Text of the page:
In late 1967 a young Soldier sent a letter from Vietnam asking his big sister in San Mateo, California, to get that community to adopt his unit.

“You see, by having a town or city adopt us, it brings the morale of the guys up as high as the clouds,” Sgt. Joe Artavia, 19, wrote. He was with A Company, also known as ABU, 1st Battalion, 327th Infantry Regiment, 1st Brigade, 101st Airborne Division.

His sister, Linda, was always told to look after her three younger brothers while growing up in San Francisco. After Joe wrote in December 1967, it took her three months to get his request placed on the agenda of the San Mateo city council. Finally the request was placed on the agenda March 4, 1968; and Linda was given the opportunity to address the five-member council that evening. At the meeting, one of the councilmen responded that Joe was from San Francisco and not San Mateo.

“I immediately stood up and said he’s not from Vietnam either but he’s fighting a war over there,” Linda Patterson said. She now resides in Pacific Palisades in southern California and is president and founder of America Supporting Americans, a nonprofit organization.

The five councilmen voted unanimously to adopt Joe’s unit, A Company. The mayor appointed Patterson to lead the program for the city and the community. But two weeks later, on March 24, Joe was killed during a firefight.

San Mateo’s residents responded with support. The North Burlingame Women’s Club, led by Thelma Castle, was the first that called Patterson about sending care packages to the Soldiers.

“Meanwhile all over the country, especially in San Francisco, they were burning our flags, draft cards and protesting in the streets,” Patterson said.

What really rallied the community was the article in the San Mateo Times reporting that Sgt. Joe Artavia, San Mateo’s first adopted son, was killed in action. Civic organizations and clubs stepped forward.

Patterson sent newsletters to the unit and she taped messages of support from the community. Sometimes her messages to individual Soldiers would come back undelivered because the 18- or 19-year-old had been killed in action. The unit, based at Camp Eagle in the northernmost I Corps near Hue and Phu Bai, did heavy fighting in the jungles. San Mateo decided to send each member of the unit a Christmas gift consisting of a card and a medallion cut with the city seal which read “Adopted Son” on one side and the Soldier’s name engraved on the other side.

Originally they planned to mail them but it was

suggested that Patterson personally deliver the Christmas 1968 presents and she agreed.

“The reason was to deliver these gifts and see the men that served with my brother,” she said. “It was so emotional for me.”

The then 27-year-old took out a $500 personal loan for half her plane ticket and received a matching donation from a women’s sorority club to fund the $1,000 trip. With two suitcases full of medallions for the 130 Soldiers, she had a police escort to the San Francisco Airport. But she did not have any government approval for her trip.

“I had a passport, a roundtrip ticket and $40 on me,” she recalled. She left on a Pan American flight Dec. 16, arrived in Saigon, got escorted to Camp Eagle and waited more than a week for the unit to arrive from the jungle. Her military escort, 1st Lt. Steve Patterson, a platoon leader, eventually became her husband.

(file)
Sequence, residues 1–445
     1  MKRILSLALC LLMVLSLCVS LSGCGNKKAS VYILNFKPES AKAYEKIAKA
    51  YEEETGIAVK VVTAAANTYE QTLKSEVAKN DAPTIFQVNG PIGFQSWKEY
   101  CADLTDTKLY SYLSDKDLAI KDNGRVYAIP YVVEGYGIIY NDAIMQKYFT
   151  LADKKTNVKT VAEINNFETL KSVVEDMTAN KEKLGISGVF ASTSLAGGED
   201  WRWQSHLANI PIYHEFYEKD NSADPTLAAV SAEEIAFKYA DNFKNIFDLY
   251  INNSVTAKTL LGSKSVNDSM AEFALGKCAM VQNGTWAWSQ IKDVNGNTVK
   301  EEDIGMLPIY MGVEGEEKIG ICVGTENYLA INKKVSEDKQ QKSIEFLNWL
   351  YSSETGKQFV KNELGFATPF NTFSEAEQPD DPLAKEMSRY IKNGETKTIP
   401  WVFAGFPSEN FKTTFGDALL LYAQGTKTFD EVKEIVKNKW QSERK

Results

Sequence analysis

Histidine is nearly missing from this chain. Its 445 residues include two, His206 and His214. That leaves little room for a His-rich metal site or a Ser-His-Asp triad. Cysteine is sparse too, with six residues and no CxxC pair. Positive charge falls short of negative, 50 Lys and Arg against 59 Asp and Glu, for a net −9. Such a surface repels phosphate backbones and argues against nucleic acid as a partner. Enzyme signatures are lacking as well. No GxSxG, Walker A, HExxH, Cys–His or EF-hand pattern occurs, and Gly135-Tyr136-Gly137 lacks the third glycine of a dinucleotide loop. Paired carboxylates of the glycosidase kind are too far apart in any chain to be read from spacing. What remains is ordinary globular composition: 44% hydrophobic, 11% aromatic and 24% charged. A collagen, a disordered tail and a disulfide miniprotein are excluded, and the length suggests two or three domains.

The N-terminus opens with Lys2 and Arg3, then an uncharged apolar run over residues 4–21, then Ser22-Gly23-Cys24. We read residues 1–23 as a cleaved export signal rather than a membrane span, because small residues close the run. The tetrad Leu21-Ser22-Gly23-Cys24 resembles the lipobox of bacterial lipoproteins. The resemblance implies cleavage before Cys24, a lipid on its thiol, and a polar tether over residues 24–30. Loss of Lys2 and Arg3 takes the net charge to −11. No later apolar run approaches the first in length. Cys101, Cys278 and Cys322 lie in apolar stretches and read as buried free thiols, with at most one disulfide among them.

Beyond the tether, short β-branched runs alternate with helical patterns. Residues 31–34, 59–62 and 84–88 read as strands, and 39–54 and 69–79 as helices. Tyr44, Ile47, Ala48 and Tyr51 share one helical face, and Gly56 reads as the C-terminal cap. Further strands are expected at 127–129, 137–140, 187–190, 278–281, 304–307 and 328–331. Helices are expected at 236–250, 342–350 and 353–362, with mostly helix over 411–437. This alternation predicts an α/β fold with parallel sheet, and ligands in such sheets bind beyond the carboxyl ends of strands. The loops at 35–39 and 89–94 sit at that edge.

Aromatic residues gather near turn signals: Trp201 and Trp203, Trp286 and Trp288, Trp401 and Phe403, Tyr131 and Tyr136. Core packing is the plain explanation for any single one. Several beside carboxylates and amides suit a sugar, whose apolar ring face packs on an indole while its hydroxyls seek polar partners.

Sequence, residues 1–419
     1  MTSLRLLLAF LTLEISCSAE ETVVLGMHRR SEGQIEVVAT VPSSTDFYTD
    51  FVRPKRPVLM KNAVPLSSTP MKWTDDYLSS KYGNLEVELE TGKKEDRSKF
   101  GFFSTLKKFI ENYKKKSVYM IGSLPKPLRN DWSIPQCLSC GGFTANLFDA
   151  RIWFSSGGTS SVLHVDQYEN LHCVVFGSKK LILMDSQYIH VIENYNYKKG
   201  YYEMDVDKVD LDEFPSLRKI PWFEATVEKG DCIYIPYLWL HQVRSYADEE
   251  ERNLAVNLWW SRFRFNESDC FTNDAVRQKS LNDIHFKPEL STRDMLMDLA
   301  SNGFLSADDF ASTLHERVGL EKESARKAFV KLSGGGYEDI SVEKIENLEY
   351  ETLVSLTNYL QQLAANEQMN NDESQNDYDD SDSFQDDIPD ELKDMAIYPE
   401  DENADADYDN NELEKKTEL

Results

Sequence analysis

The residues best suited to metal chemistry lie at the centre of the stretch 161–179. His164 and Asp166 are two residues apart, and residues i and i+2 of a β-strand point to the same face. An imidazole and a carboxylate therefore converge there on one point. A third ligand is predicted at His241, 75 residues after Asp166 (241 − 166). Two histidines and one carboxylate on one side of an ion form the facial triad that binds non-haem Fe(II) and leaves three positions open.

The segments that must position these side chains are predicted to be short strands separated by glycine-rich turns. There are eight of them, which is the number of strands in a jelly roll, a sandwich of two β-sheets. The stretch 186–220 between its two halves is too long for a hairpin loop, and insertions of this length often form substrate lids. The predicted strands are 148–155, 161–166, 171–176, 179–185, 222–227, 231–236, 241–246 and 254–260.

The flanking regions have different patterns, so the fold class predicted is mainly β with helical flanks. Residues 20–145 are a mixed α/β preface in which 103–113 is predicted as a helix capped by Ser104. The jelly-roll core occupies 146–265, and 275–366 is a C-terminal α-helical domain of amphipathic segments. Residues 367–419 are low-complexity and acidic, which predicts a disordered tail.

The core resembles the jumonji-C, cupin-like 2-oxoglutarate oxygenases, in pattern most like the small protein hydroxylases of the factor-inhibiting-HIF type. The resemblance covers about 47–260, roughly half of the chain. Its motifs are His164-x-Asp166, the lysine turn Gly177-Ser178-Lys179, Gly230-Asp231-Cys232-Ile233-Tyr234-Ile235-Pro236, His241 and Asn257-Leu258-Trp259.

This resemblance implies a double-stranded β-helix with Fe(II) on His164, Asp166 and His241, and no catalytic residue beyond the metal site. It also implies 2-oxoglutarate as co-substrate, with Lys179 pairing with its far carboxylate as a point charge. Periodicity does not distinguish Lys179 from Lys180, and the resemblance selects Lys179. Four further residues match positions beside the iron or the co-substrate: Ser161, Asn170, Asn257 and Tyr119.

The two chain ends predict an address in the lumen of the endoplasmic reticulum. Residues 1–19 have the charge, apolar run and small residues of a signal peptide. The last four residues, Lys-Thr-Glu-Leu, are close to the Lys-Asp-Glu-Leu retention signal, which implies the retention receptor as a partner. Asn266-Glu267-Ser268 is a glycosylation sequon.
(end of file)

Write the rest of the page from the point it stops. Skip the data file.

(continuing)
“Joe was like each and every one of them,” she said of meeting the members of A Company. “I said you are all my brothers. To this day, they call me Sis.”

San Mateo has maintained its relationship with the unit for the past five decades. In 1991 during the Persian Gulf War, Patterson started her nonprofit, America Supporting Americans, to connect cities with units of all branches of the service. More than 300 cities have adopted units. “We are more than just sending packages. What we do is bond,” Patterson said of the long-term relationships.

Patterson, 77, has two sons and a daughter and two grandchildren. She stays busy researching the deployed units and contacting the various cities. She doesn’t have a staff – just her points of contact in cities throughout the nation. She shared her thoughts on the national commemoration of 50 years since the Vietnam War.

“I think it’s wonderful that they’re doing this,” she said. “There’s a healing process here with them doing this but it’s a little too late. The way they (Soldiers returning from Vietnam) were treated then had a dire effect on their lives. They’re scarred from that wound and the way they were treated.”

Her husband of 42 years, Steve, 75, originally from Massapequa, New York, is retired from the investment business. He served with the 101st in Vietnam from January 1968 to January 1969. He was an infantry platoon leader for most of the year. His awards included the Silver Star, Bronze Star, two Army Commendation Medals with “v” device for valor, two Purple Hearts and the Air Medal.

When cards and letters would arrive from San Mateo, he said they really benefited the younger enlisted Soldiers – the 18- and 19-year-old privates and specialists. He was then a 23-year-old first lieutenant with A Company.

“It’s a great connection for the young men,” Steve Patterson said. “I think the biggest impact was with the younger men.”

Retired Lt. Col Hal Winton, 76, of Madison, commanded the adopted unit, A Company, in Vietnam from September 1969 to February 1970. He is originally from Fort Benning, Georgia.

“The monthly arrival of packages from the kind people of San Mateo, California,” Winton said, “did much to maintain and raise the morale of my Soldiers.”

Editor’s note: This is the 219th in a series of articles about Vietnam veterans as the United States commemorates the 50th anniversary of the Vietnam War.

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